Child Birth Can Cause Depression, And Yes, To Fathers Too

The Logical Indian Crew

April 9th, 2018 / 10:55 AM

Representational Image: Evening Standard

For most of us, our knowledge on pregnancy is constrained to the mother’s physical and mental health during those nine months when she carries the baby in her womb. Watching shows and movies has only acted as a catalyst to this perception – women have mood swings, food cravings, their bodies swell up and they have to consume food for two human beings during those months. Not many of us think or are aware about the mother’s, or for a matter of fact the father’s, health post pregnancy. Yes, we are aware that the mother’s body needs time to recover, gain strength and lose weight, but not many of us know about postpartum depression.


What is postpartum depression?

Postpartum depression or PPD as the name suggests is postnatal depression or depression after the birth of a child. It can affect both parents, mostly women.

As a new mom, women face a lot of challenges getting used to the new lifestyle. For the last nine months, she hasn’t gotten a lot of sleep and this problem is bound to increase with new responsibilities after child birth.

Let us talk about this form of clinical depression that not many are aware of but around 20% of moms suffer from it and PPD can last for several months if not treated at the earliest.


What are the symptoms of PPD?

The most common symptoms of PPD – sadness, hopelessness, guilt (because the mother might not want to bond with/ care for the baby due to immense stress) – start during the first year of the child’s birth but can also begin as early as the first three weeks.

Postpartum depression doesn’t only affect first-time moms. Like any other stress/ anxiety, we don’t get used to the depression. It immensely affects us mentally but once gone, we don’t remember how we dealt with it. Depression is not something one can get used to but early detection and subsequent therapy help.


How do mothers get PPD?

When a woman gets pregnant, her hormone levels rise. After the baby is born, they suddenly drop. This sudden change triggers depression.

If a woman has suffered from depression before, she is more prone to getting PPD. It can also occur if depression runs in her family.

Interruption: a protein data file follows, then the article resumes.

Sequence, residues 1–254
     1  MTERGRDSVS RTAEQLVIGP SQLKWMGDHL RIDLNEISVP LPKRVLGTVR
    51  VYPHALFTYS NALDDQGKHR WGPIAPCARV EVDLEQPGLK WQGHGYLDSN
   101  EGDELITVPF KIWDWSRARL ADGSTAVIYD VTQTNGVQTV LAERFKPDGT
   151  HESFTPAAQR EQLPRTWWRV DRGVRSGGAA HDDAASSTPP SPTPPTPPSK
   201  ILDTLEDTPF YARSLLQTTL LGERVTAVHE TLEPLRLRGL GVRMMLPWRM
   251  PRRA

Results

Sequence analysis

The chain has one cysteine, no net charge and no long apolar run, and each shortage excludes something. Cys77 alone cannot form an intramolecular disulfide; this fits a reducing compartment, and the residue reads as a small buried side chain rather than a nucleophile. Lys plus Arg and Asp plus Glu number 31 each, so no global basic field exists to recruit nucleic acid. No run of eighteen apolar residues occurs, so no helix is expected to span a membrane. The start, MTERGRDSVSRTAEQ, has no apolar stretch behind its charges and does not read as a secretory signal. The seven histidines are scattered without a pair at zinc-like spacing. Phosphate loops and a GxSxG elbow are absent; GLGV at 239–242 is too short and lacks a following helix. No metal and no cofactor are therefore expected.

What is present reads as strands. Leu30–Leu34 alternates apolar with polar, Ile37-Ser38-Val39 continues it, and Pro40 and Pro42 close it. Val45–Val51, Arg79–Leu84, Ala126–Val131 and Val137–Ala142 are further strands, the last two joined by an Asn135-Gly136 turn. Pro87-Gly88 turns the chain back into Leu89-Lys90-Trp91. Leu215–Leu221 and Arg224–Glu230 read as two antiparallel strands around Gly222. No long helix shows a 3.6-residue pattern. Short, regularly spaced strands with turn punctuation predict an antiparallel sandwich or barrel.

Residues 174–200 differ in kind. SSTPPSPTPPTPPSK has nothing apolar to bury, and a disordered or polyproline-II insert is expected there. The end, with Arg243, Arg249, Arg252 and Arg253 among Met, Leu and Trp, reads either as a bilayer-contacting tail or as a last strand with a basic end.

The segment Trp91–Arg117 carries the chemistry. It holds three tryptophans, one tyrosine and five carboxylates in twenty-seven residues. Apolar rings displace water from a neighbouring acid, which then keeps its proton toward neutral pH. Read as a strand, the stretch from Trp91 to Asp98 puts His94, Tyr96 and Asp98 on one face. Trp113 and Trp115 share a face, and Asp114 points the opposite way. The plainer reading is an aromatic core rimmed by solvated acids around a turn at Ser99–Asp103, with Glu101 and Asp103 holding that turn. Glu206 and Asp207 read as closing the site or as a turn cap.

Another reason for a new mom to get PPD is if she wasn’t ready for the baby. Accidental pregnancy might not prepare her for new responsibilities. This increases if the family/ husband is not supportive, if she suffers from financial incapacity, etc. Age is also a factor. Very young women, unprepared for a child, might suffer from depression post child birth.


Can fathers get PPD?

Though men are not affected in the same as women are hormonally, they too can get PPD.

Husbands involved in their wife’s pregnancy and in taking care of their child after birth also have sleepless nights, stress and exhaustion. It is a new world for fathers too. PPD is not something many are aware of, especially that it affects men too. Thus, many times, fathers may suffer in isolation. If the mother is also dealing with depression, the father may not have anyone to talk to.

Mental wellbeing is one of the most neglected areas of healthcare and it is time we talked about it and spread awareness about how parents can deal with postnatal depression.


How is PPD treated?

One of the best treatments of PPD is support from friends and family. But this comes with awareness, so talking about depression is extremely important.

There are various levels of PPD – not every form is severe and can pass within a few months. If not, parents should opt for counselling and medication as per doctor’s advice. Psychotherapy is a good way of dealing with depression. It is best to seek help as soon as possible.

Another factor that helps during this time is support from work. Most organisation do not give paternity leave and most who provide maternity leave, do not give aid for post pregnancy mental healthcare. Stress of work when the baby is an infant or very young, adds to the anxiety and depression. Corporates need to come up with policies that help parents during this sensitive time.

Now that a discourse on postpartum depression has begun, it is crucial we continue it and educate people on its severity and how they can help their friends and family cope with it.

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